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Guest Editorial: Big Time Issues Facing the Ethanol Industry
by Wallace E. Tyner, Professor, Purdue University

As any reader of this column likely knows all too well, the U.S. ethanol industry is facing some major issues today. The one we hear the most about is indirect land use change and its impact on calculation of greenhouse gas (GHG) emissions from corn ethanol. More on that later. I want to start with what I think is the biggest issue facing the industry today – the blend wall.

Many have talked about possibly hitting the blend wall some time in 2010-11. I think we have been at the blend wall for many months already. We cannot blend 10 percent everywhere for many different reasons – infrastructure, evaporative emissions rules in summer months, lower blending limits in California, etc.

So the current situation is that the industry is capable of producing much more corn ethanol than the market can technically absorb. This is a regulatory limit – not a market condition. We have too much ethanol chasing a limited market. The impact is that all the excess supply drives the price down to the break-even price with corn. Less efficient producers shut-down, reduce production, or go out of business. That winnowing process brings supply back down to the blending limit – the blend wall.

We are there, and the ethanol industry has nowhere to go without an increase in the blending limit. What about E85? It is tiny and cannot grow fast enough even under the most favorable circumstances to help much. Only 2,000 of 160,000 service stations in the country can dispense E85. Only about 8 of 300 million vehicles are flex-fuel capable of using E85. These numbers cannot grow fast enough to matter much in the next five years.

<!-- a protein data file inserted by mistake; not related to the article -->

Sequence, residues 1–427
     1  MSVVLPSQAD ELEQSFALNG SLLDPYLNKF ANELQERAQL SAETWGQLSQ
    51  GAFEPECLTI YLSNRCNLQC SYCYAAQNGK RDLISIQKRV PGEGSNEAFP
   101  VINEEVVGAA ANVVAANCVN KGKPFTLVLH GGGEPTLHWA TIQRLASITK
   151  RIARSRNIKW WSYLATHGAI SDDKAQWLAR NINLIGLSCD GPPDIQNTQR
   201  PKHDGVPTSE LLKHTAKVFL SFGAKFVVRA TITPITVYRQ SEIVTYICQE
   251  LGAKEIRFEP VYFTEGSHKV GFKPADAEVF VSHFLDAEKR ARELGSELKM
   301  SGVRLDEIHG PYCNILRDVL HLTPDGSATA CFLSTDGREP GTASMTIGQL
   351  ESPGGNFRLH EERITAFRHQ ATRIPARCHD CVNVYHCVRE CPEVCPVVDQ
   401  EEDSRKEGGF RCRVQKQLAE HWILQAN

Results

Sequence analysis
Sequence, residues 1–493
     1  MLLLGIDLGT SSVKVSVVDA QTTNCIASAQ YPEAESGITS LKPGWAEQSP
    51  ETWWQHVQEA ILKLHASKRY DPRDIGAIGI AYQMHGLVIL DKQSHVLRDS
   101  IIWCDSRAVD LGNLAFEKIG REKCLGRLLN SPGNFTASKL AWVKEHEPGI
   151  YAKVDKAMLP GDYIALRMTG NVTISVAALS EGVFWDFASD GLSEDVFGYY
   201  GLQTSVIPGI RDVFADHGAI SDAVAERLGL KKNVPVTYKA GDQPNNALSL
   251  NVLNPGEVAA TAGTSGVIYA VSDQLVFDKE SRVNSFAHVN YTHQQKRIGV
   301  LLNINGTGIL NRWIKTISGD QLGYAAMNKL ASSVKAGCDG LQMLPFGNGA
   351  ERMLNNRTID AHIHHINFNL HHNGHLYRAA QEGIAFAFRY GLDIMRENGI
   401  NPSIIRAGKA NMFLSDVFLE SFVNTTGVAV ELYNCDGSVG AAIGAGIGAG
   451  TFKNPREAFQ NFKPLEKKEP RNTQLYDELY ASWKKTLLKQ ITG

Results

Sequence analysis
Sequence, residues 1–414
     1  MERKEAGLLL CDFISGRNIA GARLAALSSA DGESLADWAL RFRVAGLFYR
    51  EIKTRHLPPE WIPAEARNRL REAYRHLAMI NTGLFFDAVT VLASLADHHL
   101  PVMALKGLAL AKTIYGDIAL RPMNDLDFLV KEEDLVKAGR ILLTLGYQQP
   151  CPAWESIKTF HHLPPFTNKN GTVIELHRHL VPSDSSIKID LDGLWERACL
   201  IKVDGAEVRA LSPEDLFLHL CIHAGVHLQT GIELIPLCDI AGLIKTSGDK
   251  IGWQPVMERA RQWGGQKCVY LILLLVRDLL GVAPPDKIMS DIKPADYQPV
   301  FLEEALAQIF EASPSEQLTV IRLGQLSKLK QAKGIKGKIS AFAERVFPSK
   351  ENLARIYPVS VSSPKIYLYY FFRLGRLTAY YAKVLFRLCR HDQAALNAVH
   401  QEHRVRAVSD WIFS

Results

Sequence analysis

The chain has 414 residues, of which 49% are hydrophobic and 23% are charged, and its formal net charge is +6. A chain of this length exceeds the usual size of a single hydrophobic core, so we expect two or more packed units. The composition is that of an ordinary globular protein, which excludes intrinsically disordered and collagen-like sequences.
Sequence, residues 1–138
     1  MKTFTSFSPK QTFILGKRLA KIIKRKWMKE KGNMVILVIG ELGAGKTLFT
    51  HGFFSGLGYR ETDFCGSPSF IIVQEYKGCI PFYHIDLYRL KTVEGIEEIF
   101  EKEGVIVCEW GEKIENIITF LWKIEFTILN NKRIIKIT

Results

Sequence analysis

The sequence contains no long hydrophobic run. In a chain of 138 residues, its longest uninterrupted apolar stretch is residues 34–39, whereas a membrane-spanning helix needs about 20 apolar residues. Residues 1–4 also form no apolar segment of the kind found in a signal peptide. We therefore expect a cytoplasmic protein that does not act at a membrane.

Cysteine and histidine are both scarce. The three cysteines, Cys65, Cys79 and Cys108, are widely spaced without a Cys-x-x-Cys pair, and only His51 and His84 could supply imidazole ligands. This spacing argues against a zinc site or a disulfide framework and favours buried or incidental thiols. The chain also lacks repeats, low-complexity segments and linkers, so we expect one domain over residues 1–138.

What does this mean for the biofuel of the future – second generation ethanol? It is dead on arrival. There is no room at the inn. Corn ethanol is cheaper and will completely fill the blend limit leaving no space for second generation ethanol. That is one reason there is more talk today about non-ethanol second generation biofuels.

The possible change to E15 buys some time. In the Midwest, for example, where most fuels are blended at or near 10 percent, it would mean a 50 percent increase in demand. That is huge for the corn ethanol industry, but it does not leave a lot of room long-term for cellulosic based ethanol. There are many factors that must be considered in making the blend rule decision, and I’m not advocating a particular position. I’m just saying the decision has huge implications for the ethanol industry.

The other big issue facing biofuels is GHG emissions associated with land use change. According to the EPA draft rule, there is no problem for cellulose-based biofuels. The problems are corn ethanol and biodiesel. All current and under construction corn ethanol production is grandfathered, so the regulation does not apply, but the issue is still relevant.